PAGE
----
The weekend is here but instead of kicking back and relaxing, your mind is occupied with a flurry of work-related thoughts. There are emails and actions that need taking care of, while it can be done on Monday you decide to log in. This is the case with many of us, we find ways to keep ourselves occupied, hustling to get things completed now.  This attitude of constantly needing to work or do something seeps down into our daily routines. We find ourselves taking fewer breaks, eating while getting work done and thinking about our next undertaking.

While it does feel productive to get things done and cross out actions from to-do lists, constant immersion in work or being preoccupied with it and especially experiencing guilt for not having done much is related to something called Toxic Productivity.  Toxic productivity is an obsession with radical self-improvement and causes us to set high unachievable standards for ourselves. No matter how productive we are, there persists a feeling of guilt for not having done more. When you do experience toxic productivity, you feel irritable, moody and grumpy even if you have spent the whole day being productive.

Empirical evidence has suggested your brain will eventually reach exhaustion and burnout will be inevitable.  Researchers have found that constantly working makes you become significantly less productive. Over time creativity gets stifled, formulation of new ideas is slower and you spend more time completing a task. Constant overworking also impacts both physical and mental health.

What can we do to avoid this reality?
  • Rest and take breaks: Scientists have out rightly cited the need for rest and breaks. Rest is not reserved only for the weak. Getting sufficient rest in the form of breaks, sleep, time off that involves disconnecting from work is crucial. It not only allows your brain to recharge but also leaves you rejuvenated. Rest is known to promote mental health, boost creativity, increase productivity, promote well-being, reduce stress and improve mood. If you do feel guilty when you feel like taking time off, try reframing what rest means to you. You can reframe rest to be a pivotal tool to help you attain your goals and a springboard to take on new challenges with renewed vigour.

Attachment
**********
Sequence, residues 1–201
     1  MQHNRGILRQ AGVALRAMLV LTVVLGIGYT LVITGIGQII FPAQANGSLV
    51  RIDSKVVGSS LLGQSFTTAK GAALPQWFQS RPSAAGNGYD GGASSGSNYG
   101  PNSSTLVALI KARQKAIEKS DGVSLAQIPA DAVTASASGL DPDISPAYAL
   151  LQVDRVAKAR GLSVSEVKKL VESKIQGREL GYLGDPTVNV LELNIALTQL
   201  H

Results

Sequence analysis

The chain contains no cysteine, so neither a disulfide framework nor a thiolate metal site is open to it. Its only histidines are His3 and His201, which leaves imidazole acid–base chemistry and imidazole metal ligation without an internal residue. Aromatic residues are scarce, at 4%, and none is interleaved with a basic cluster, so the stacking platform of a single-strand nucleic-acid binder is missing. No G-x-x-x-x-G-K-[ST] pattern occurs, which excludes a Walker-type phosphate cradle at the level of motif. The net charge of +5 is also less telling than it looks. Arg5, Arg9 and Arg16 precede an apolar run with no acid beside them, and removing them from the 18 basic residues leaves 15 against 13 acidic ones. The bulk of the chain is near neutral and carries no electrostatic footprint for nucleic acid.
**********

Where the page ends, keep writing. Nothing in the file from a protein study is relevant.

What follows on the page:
• Napping: Researchers have found that taking short naps is an effective tool that helps recharge you mentally, increase alertness and decrease fatigue.
  • Make note of your accomplishments: While you can be easily worn down by dissatisfaction and the associated feelings of toxic productivity, it is important to list what you have accomplished to date. Making yourself aware of past success allows you to focus on what is important and needs to be done, while also increasing self-esteem.
  • Set realistic goals and avoid comparison: It is essential we consider the context, our capabilities and the time we have available when we set our goals. Goal setting needs to be realistic and objective, while also reviewing and taking stock of what needs adjustment from time to time.
  • Micro breaks: The idea of micro-breaks is taking small, frequent breaks throughout that day. In essence, it is any short break you take from work. It can range from speaking to a friend/colleague, sipping on coffee, stretching etc. During work, the Pomodoro technique is a great way to stay on task while also taking breaks.
  • Spend time doing something other than work once a week: In related experiments, people were instructed to take one day off every week while executives accustomed to working every evening were told to keep one evening work-free. Over time both groups reported a better work-life balance, increased focus and being more productive. More time spent working doesn’t equate better quality or quantity of work done.

As quoted by John Lubbock, “Rest is not idleness, and to lie sometimes on the grass under trees on a summer’s day, listening to the murmur of the water, or watching the clouds float across the sky, is by no means a waste of time.”


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